Wondering what is this “unit of property” term you keep hearing? Well, here is your answer.
The IRS issued new regulations in 2013 and 2014 trying to bring clarity to the many conflicting rules in the area of capitalization versus expensing of business property. These new regulations are commonly called the “tangible property and repair regulations,” or TPR regulations.
The new regulations, which apply to tax years beginning in 2014, have many new provisions, including new “safe harbors” and definitions which affect all businesses that have depreciable property or pay for supplies and repairs.
One of the new definitions in the regulations is “unit of property.”
Per the regulations, a “unit of property” is comprised of all components that are functionally interdependent. So, a truck (including its engine, chassis, doors, etc.), or a building and its structural components (including the walls, roof, windows, etc.), comprise a unit of property. Conversely, a computer and printer are separate units of property because placing the computer in service is not dependent upon placing the printer in service.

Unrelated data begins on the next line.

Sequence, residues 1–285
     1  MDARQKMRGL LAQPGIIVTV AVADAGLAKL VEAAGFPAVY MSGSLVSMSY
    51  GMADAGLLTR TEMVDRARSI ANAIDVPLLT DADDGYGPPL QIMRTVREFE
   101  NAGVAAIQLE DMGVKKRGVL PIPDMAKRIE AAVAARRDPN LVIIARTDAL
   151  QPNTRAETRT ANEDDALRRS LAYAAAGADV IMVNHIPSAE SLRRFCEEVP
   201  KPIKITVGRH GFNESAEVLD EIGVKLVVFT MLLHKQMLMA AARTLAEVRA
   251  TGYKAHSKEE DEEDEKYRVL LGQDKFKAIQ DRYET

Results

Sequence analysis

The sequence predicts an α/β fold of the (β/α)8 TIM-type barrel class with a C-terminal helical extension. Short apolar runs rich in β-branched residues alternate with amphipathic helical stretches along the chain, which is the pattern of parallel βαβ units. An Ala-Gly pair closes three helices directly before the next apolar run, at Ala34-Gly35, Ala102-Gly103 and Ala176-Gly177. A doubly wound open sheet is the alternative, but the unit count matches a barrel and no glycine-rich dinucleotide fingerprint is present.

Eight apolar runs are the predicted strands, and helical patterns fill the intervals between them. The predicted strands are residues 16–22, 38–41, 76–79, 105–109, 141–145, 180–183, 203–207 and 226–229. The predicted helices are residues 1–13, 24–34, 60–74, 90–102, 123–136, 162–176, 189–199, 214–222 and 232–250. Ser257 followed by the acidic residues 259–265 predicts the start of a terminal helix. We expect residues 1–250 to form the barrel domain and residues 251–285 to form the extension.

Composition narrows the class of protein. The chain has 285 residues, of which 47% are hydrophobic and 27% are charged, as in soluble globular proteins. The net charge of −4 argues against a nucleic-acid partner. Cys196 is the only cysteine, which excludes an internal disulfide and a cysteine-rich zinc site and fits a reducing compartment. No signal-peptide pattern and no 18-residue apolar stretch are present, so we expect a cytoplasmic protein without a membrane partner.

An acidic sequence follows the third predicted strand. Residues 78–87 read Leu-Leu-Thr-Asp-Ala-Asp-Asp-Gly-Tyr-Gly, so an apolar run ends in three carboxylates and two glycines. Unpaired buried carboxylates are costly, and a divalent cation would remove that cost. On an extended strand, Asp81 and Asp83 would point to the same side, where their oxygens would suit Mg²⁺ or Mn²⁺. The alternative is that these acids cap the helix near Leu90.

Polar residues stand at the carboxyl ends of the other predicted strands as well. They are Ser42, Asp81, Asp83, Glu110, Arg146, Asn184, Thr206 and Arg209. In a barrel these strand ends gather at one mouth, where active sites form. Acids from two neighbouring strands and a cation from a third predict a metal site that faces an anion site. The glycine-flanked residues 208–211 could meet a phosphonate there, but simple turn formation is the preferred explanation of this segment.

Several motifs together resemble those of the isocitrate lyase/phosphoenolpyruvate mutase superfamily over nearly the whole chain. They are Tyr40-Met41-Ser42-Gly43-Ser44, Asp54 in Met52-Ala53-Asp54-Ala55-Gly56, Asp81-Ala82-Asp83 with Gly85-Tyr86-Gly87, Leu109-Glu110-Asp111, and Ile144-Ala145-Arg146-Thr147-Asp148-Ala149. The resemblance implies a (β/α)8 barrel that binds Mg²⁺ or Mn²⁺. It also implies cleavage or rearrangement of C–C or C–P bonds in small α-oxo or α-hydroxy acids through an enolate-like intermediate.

Whether an expenditure is capitalized or expensed depends on whether the expenditure results in a betterment, restoration, adaptation or improvement of a unit of property.
The typical building is divided into the building structure and nine defined “building systems.” So for purposes of applying the TPR regulations, each building is divided as:
- Building structure including roof
- Plumbing systems
- Electrical systems
- Fire protection and alarm systems
- Security systems
- Gas distribution system
- Any other system defined by the Treasury
Using the appropriate “unit of property” can keep taxpayers from over capitalizing expenditures.
Melinda Nelson CPA + Michael Willett